Canadian Lawyer

April 2021

The most widely read magazine for Canadian lawyers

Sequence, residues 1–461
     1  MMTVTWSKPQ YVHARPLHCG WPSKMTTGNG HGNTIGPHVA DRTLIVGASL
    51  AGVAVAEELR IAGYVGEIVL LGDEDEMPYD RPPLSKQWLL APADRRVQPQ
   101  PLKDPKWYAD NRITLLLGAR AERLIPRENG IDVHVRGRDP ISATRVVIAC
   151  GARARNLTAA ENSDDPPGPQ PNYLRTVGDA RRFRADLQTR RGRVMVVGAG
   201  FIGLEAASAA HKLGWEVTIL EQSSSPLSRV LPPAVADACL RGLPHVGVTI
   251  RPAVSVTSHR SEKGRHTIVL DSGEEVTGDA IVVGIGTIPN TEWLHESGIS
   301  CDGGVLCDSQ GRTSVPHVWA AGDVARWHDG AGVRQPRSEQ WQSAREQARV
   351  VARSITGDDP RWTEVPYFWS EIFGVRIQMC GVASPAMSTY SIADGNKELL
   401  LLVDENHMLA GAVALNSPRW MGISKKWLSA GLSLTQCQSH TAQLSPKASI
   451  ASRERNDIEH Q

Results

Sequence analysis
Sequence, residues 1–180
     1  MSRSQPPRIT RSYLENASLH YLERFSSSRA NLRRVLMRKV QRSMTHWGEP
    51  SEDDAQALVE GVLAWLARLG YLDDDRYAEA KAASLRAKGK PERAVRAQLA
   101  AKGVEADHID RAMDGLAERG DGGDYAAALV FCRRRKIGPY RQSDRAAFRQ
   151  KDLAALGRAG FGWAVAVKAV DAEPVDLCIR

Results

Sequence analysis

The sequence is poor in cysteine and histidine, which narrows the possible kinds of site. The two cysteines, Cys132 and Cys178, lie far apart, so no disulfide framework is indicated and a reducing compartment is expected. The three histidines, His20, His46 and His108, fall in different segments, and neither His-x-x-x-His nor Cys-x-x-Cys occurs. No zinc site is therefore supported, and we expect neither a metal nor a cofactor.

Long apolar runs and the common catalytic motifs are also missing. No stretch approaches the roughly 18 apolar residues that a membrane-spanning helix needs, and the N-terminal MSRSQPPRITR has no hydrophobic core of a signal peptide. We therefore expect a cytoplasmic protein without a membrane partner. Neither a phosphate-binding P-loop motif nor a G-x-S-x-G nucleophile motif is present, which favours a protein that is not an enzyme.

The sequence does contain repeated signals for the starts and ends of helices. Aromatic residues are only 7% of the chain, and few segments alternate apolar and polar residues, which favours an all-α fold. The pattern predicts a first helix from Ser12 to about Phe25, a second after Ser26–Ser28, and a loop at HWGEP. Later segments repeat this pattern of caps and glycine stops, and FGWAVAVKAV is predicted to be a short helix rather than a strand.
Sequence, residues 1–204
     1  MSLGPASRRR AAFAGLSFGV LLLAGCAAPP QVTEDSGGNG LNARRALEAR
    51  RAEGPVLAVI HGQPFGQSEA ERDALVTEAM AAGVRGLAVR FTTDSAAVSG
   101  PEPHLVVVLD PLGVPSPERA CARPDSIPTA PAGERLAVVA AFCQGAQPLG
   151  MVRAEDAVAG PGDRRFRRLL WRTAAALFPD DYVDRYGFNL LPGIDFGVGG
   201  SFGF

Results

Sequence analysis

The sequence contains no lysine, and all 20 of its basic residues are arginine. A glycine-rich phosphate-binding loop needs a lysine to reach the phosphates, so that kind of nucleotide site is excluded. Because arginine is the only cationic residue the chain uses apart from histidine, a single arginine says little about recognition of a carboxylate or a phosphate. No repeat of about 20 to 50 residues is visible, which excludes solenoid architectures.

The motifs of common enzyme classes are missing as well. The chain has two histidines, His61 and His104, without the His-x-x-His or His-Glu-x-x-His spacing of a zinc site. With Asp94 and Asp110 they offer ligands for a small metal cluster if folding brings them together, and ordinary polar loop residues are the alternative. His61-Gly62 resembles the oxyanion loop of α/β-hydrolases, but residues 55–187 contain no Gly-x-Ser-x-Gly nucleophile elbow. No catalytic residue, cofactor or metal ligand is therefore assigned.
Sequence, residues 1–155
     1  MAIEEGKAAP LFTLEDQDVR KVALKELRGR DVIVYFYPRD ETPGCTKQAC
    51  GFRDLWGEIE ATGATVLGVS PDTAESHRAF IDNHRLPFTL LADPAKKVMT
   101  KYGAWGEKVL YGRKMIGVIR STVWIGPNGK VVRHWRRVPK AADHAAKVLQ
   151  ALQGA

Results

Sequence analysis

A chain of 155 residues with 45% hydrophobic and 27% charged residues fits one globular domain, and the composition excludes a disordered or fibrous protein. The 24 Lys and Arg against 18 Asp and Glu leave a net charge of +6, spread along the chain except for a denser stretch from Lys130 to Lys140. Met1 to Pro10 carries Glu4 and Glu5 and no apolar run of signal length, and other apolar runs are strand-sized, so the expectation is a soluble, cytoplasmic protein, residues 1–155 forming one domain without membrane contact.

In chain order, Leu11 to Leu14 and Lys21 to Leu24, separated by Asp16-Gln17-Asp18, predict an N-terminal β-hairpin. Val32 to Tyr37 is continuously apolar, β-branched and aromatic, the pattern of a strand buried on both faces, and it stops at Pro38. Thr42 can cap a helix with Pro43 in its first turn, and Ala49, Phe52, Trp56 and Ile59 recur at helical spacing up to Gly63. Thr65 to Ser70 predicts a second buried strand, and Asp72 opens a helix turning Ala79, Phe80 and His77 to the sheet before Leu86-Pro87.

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UPFRONT 10 OTTAWA UPDATE NEWS BRIEFS Selection process begins for SCC vacancy Candidates must be from Ontario, functionally bilingual and representative of Canadian diversity ON FEB. 19, Prime Minister Justin Trudeau launched the process for selecting the next Supreme Court of Canada justice to fill the vacancy left by Justice Rosalie Silberman Abella, who will retire on July 1. "The integrity of the Supreme Court selection process is especially important in the aftermath of [the] recent controversy over the Trudeau government's selection of ex-Governor General Julie Payette and the Harper government's appointment of Justice [Marc] Nadon in 2013" to the Supreme Court of Canada, says Jamie Cameron, professor emerita of Osgoode Hall Law School at York University. "The Supreme Court is one of the founda- tions of our system of government, and the process must be seen to be done" correctly. Candidates must be "jurists of the highest Lametti proposes permanent justice reforms The COVID-19 pandemic appeared set to force modernization of Canada's justice system when Justice Minister David Lametti introduced a bill on Feb. 24 that seeks to make some of the changes permanent that were temporary. The amendments would clarify the Criminal Code and other laws to expand remote options, including video or audio appearances by accused at preliminary inquiries, trials, pleas or sentencing hearings. Video selection of jury candidates would also be available in certain circumstances. In-person proceedings would remain the norm, but remote proceedings would still be an option. Government plans to repeal mandatory minimum penalties On Feb. 18, the federal government introduced Bill C-22, which will repeal mandatory minimum penalties for most offences other than murder. Proposed amendments to the Criminal Code and the Controlled Drugs and Substances Act would reform sentencing measures for certain offences, including by repealing some of the MMPs of imprisonment that contribute to higher incarceration rates disproportionately affecting Indigenous peoples and Black Canadians. Professional organizations have urged the repeal, including the Canadian Bar Association and the Criminal Lawyers' Association. Thalidomide survivors sue federal government for discrimination The Thalidomide Survivors Task Group filed a legal claim on Feb. 16 in the Ontario Superior Court of Justice against the federal government for violating individual plaintiffs' rights under ss. 7 and 15 of the Canadian Charter of Rights and Freedoms. The group's claim was spurred in part by the government's December promise of a no-fault support program for anyone suffering an adverse reaction to a COVID-19 vaccine, says Raj Anand of WeirFoulds LLP in Toronto and counsel for the 45 plaintiffs. In contrast, survivors of Canada's thalidomide tragedy do not have no-fault support programs available to them. U of Ottawa launches video storytelling project In February, the University of Ottawa's Faculty of Law, Civil Law Section launched an innovative video storytelling project. Among the first crop of videos was an interview with the chief justice of Canada, himself an alumnus of the school, discussing his vision for the Supreme Court. Described as "the audiovisual platform for law," Jurivision is a visual advocacy project to promote the sharing of legal knowledge through accessible audiovisual content. Its visual posts cover several legal themes and four visual genres: JuriExperiences, on paths into law; JuriKnowledge; JuryMetho, on researching law; and JuriDocs, which follow researchers into the field. FCA rules on credit-card transaction processing taxes The Federal Court of Appeal's February ruling that GST/HST can no longer be collected from banks and credit unions on credit card transaction processing services will benefit financial institutions, said Jean-Guillaume Shooner, a partner at Stikeman Elliott LLP. However, unless successfully appealed, the decision may result in additional costs to businesses such as Visa and Mastercard and lower profit margins. These costs could lead to increased fees charged to financial institutions or merchants, with consumers likely suffering the additional economic burden, Shooner said.

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